The Connection Between Employee Strengths and Business Performance
They say that a company’s best asset is its people. And it’s true—the unique blend of knowledge and strengths that people contribute to their organisation are resources that can never be exactly replicated by competitors.
However, companies don’t always know how to best capitalise on some of these people resources. The place of knowledge is pretty well understood—companies accept that they need to invest in professional development, knowing that this reliably benefits the organisation with a good return on investment. By contrast, the strengths of employees are often not fully explored, nor properly managed.
So, what is the business impact of using a strengths-based approach to employee development? The 2016 Gallup State of the Global Workforce report showed some amazing results from using strengths-based interventions on workgroup performance. The survey covered 1.2 million employees in 22 organisations in seven industries and across 45 countries.
Ninety % of the workgroups studied had performance increases such as:
9% increase in sales
15% increase in profits
4% increase in customer engagement
10% lower turnover in low-turnover organisations
46% lower turnover in high-turnover organisations
6% increase in engaged employees
37% fewer safety incidents
Ultimately, the strengths-based management approach is shown to improve employee wellbeing and boost productivity in all areas. Taking your people from ‘interested’ in work to ‘engaged’, impacts the bottom line.
‘Strengths’, in this context, are not how well a person performs in a certain area. Instead, let’s describe strengths as those qualities a person has that, if enabled, generally lead to optimal functioning and performance. That is due to the positive impact on a person’s thinking, feeling and behaviour that occurs when the person feels authentic, appreciated and energised. So, strengths support how staff perform. Given that, strengths are ultimately what energises and motivates people to realise their ‘best self’ in workplaces (and, more generally, in life).
This begs the question, “How can a company enable its people to recognise and exercise their strengths to mutual advantage?” Let us now consider elements of the business case for how focusing on strengths development will ultimately improve business performance.
Research shows that by building on strengths an organisation will:
1. Tap into unused talent throughout the organisation: To the extent that the strengths of staff members are not being harnessed, there is untapped talent and ‘latent’ energy in an organisation. Much time and other resources are spent on attempting to improve performance, but without an adequate appreciation of how to identify and activate people’s strengths, the company is unlikely to get optimal ‘bang for buck’.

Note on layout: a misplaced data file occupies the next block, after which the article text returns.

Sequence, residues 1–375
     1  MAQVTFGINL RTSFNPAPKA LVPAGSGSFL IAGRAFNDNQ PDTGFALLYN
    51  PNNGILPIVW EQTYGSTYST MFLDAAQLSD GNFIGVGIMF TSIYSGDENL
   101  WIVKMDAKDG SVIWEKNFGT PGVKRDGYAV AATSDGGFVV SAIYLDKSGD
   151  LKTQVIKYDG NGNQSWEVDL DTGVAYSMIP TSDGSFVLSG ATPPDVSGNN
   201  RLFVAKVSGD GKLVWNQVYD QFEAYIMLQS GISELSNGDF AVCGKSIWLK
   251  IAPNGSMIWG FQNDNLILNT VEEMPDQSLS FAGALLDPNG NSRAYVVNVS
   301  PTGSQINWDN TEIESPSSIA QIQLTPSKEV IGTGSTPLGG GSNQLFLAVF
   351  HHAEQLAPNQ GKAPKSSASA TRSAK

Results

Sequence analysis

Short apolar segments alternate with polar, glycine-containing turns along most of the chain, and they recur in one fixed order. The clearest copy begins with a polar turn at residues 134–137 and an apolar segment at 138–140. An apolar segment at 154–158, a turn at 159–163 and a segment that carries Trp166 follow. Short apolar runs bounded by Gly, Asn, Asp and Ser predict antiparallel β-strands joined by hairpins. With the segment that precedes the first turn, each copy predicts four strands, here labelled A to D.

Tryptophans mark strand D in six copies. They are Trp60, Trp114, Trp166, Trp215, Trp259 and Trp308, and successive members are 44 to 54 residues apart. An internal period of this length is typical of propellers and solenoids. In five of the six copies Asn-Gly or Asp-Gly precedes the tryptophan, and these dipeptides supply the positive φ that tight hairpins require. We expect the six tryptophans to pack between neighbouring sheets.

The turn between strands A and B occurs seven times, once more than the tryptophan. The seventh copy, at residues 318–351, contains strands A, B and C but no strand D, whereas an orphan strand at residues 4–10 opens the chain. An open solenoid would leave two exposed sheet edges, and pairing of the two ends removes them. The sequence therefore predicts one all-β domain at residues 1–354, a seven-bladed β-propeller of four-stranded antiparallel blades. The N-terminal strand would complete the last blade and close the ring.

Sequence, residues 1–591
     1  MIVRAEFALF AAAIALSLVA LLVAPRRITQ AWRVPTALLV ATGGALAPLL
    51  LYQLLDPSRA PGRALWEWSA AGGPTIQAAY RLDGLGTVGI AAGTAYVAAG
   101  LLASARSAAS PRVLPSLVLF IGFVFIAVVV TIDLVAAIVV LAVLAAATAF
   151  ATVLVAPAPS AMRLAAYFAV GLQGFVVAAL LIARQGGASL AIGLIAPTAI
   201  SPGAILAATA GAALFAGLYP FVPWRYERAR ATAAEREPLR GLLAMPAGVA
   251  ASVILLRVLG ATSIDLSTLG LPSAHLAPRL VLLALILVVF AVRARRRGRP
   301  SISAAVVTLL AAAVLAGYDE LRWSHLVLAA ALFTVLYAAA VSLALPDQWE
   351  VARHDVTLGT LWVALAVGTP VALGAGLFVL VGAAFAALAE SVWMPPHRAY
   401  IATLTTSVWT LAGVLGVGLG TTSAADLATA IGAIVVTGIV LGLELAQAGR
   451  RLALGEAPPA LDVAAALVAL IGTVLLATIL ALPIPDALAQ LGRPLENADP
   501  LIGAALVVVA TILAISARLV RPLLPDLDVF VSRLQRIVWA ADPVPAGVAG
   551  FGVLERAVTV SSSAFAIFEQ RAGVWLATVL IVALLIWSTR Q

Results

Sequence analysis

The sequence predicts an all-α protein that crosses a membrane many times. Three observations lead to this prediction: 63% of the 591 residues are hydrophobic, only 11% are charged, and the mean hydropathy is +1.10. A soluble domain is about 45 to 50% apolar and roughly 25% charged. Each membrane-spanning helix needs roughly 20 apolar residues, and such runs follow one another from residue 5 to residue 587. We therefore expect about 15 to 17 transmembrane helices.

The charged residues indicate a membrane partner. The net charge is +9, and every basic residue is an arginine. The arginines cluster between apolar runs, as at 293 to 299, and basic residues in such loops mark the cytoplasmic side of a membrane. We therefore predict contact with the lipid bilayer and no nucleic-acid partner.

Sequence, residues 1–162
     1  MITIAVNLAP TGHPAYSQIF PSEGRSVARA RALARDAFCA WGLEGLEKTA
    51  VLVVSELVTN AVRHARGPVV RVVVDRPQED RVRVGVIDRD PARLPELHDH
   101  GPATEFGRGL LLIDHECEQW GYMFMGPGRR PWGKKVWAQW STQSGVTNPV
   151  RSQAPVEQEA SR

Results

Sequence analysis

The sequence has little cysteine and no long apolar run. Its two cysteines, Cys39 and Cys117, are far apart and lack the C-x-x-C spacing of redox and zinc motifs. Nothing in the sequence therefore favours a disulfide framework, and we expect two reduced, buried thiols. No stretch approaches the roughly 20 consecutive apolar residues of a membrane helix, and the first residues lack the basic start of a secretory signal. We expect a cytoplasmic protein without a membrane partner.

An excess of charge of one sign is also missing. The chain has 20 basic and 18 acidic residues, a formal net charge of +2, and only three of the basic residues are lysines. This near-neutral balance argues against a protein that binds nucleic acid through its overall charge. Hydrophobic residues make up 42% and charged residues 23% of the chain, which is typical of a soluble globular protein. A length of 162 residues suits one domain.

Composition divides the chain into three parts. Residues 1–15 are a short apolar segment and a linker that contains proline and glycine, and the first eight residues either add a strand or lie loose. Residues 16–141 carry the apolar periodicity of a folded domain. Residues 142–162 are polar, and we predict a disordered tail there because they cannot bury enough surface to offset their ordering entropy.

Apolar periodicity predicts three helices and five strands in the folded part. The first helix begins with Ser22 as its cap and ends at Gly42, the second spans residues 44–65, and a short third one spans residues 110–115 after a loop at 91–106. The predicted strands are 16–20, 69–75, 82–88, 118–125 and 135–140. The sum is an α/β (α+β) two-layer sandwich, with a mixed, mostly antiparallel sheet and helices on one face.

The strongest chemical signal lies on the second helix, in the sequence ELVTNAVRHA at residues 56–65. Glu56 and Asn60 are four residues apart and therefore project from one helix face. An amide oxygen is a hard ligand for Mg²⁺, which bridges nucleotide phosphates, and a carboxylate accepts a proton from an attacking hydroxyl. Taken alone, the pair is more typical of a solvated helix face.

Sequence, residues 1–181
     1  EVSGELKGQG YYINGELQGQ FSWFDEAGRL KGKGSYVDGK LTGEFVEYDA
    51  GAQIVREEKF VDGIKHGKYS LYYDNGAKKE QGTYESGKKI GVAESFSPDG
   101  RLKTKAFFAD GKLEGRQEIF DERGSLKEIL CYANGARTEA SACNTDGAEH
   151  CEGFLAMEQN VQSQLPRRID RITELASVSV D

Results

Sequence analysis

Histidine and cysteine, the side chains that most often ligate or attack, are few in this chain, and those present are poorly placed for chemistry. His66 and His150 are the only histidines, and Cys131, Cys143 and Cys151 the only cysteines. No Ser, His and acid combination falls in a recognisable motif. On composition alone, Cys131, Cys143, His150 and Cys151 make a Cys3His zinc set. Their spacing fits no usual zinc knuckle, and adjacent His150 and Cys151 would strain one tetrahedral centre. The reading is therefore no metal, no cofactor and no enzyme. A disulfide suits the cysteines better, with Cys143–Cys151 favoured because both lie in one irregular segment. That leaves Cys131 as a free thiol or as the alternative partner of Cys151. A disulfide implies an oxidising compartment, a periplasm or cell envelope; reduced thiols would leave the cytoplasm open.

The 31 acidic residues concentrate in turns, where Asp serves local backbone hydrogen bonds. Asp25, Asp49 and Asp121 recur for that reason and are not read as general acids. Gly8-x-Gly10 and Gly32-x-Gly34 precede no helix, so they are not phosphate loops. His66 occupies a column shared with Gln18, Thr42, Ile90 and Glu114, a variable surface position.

2. Attract and retain more of the people it needs: People like to use their strengths. Doing so reinforces and re-energises them. A strengths-based organisation will be more attractive in the employment market, especially to younger workers. Without the opportunity to use their strengths, many people leave.
3. Improve individual performance: Individual performance is significantly improved by a focus on strengths, and undermined by a fixation on rectifying weaknesses. The traditional approach of moulding individuals to jobs and focusing development effort on correcting weaknesses has proved unsuccessful.
4. Build employee engagement: Use of strengths is one of the key drivers of staff engagement, which itself is linked to improved employee retention, discretionary effort, quality, customer satisfaction and loyalty, sales, profitability, shareholder return and business growth.
5. Develop flexibility: Staff are more willing and able to accept changes in role and organisational structure when the emphasis on ability is less on the basis of what they ‘have done’, and more on the basis of what they ‘could do’ in a variety of future roles.
6. Improve teamwork: A focus on strengths in teams allows for the efficient allocation of tasks and, with greater role flexibility, encourages cooperation. The positive emotions generated by the use of strengths enhance social integration.
7. Increase diversity and positive inclusion: An understanding of strengths encourages people to value difference. The person who appears so ‘alien’ to me may well have a value-adding role to play and may perform with relish tasks that for me are non-preferred. Teams made up of people who differ tend to be more creative and to perform better.